Leaving the Scene of an Accident: Hit and Run Laws in Nevada

It is an unfortunate truth that the rate of automobile accidents in Nevada is high, with hit and run accidents happening all too frequently. While it is the legal responsibility of any drivers involved in a collision to remain at the scene of the crime, this is not always what happens – in spite of the fact that the bill passed in 2015 increased the severity of penalties for drivers who leave the scene of an accident. If you have been involved in a hit and run accident, it is in your best interest to remain at the scene and fulfill your legal obligation, but anyone involved in a hit and run accident should seek the counsel of an experienced attorney as soon as possible.

What is a Hit and Run Accident?

When a driver is involved in a collision and they do not stop or stay at the scene of the accident, choosing instead to continue driving to avoid the legal consequences, they are guilty of a hit and run accident. Hit and run charges can be applied in accidents involving a collision of cars, accidents in which a driver has hit a cyclist or a pedestrian, and even in collisions that cause only property damage.

Legal Obligations of Drivers and Penalties for Failing to Comply

There are several laws in Nevada that address the proper response and legal responsibility of a driver who has been involved in an accident, as well as the penalties for failing to do so. The Nevada Revised Statutes that apply to hit and run accidents are paraphrased below:

●      Duty to stop at the scene of crash involving death or personal injury            

(NRS 484e.010):  The driver of any vehicle involved in an accident on a highway or on premises to which the public has access resulting in bodily injury or death to a person shall immediately stop his vehicle at the scene or as close as possible to the scene of the crash as possible and shall remain on the scene until the individual fulfills the requirements laid out in NRS 484e.030 (duty to give information and render aid).

Leaving the scene of an accident that resulted in death or injury is a category B felony. Penalties include from 2 to 20 years in prison, fines from $2,000 to $5,000 and possible suspension or revocation of license.

●      Duty to stop at scene of crash involving damage to vehicle or property

(NRS 484e.020) The driver of any vehicle involved in a crash resulting only in damage to a vehicle or other property should immediately stop at the scene and if practicable, move the vehicle or have it moved to a location as close to the scene as possible that does not obstruct traffic. Leaving the scene of an accident that has caused property damage is a misdemeanor. Penalties include up to 6 months in jail and/or up to $1,000 in fines.

●      Duty to give information and render aid (NRS 484e.030):

Hit and Run The driver of any vehicle involved in an accident resulting in injury or death or any person or damage to any vehicle or other property must give the following information to the driver or occupants of the other motor vehicles and the police:

Name and address

Registration number of the vehicle involved in the accident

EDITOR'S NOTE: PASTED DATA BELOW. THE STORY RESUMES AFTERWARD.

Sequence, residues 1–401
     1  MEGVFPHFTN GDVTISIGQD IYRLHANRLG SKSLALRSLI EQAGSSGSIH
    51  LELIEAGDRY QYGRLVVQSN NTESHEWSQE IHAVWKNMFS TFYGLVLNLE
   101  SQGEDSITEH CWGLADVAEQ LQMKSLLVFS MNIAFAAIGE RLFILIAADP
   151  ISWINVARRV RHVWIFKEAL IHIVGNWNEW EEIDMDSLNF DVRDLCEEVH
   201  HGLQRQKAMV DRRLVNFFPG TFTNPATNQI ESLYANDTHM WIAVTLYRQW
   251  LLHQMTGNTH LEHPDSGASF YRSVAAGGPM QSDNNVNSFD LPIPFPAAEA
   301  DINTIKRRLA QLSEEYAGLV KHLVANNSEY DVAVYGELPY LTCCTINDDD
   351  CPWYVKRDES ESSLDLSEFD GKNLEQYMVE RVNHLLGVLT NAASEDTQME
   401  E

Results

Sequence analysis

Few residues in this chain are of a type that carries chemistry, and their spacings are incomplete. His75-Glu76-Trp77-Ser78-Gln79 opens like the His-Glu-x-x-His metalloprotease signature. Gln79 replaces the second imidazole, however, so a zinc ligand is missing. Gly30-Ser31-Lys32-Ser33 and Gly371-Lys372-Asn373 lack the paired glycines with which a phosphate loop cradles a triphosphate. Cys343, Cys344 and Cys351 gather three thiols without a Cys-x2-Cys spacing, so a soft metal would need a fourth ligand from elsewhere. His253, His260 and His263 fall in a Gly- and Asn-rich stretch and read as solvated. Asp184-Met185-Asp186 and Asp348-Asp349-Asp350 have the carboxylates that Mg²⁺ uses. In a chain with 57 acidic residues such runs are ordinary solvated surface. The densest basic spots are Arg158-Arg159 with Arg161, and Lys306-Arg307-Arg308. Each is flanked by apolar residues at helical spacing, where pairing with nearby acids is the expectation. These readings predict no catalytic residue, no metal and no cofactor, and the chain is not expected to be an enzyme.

License information

If a police officer does not file a valid report at the scene of the accident, then the police must be notified about accidents that result in death, bodily injury or over $750 worth of property damage in a report that contains the following information:

Name, address, policy number and start/end dates of insurance companies covering each person involved in the accident and an estimate of repairs or a statement of loss (from a licensed appraiser, insurance adjuster or repair garage).

In addition to providing this information, the person must also provide reasonable aid to any person injured in the accident, including carrying the person to a physician, a surgeon or a hospital for medical or surgical treatment if it is clear that treatment is necessary or if the injured person requests it. Failure to file a report within 10 days from the date of the accident by either neglect or willful refusal will result in a 1-year driver’s license suspension. Filing a false report is a gross misdemeanor, with a penalty of up to 364 days in jail and/or fines of up to $2,000.

●      Duty upon damaging an unattended vehicle or other property (NRS 484e.040):

The driver of any vehicle involved in a crash with any vehicle or other property that is unattended, and results in damage to the other vehicle or property should immediately stop and locate or notify the owner of that vehicle or property, providing their name and address. This information can be written and attached securely to a conspicuous place in or on the damaged property.

●      Immediate notice to police officer of crash involving unattended vehicle or other property (NRS 484e.050):  The driver of a vehicle involved in a crash with any vehicle or other property which is unattended that results in damage should immediately give notice of the crash to the nearest police authority in the quickest method available. If the driver is not capable of giving notice, an occupant in the car at the time of the crash can do so.

If you or someone you care about has been charged with a hit and run, it is important that you seek an experienced attorney as soon as possible. There are some circumstances that may allow for a defense of this charge, including accidents that occur during the course of an unrelated emergency that is in progress or cases in which the driver was completely unaware that damage or injury has occurred. If you would like to speak to someone about a hit and run case, please contact us today. We offer free case evaluations and want to hear your side of the story.

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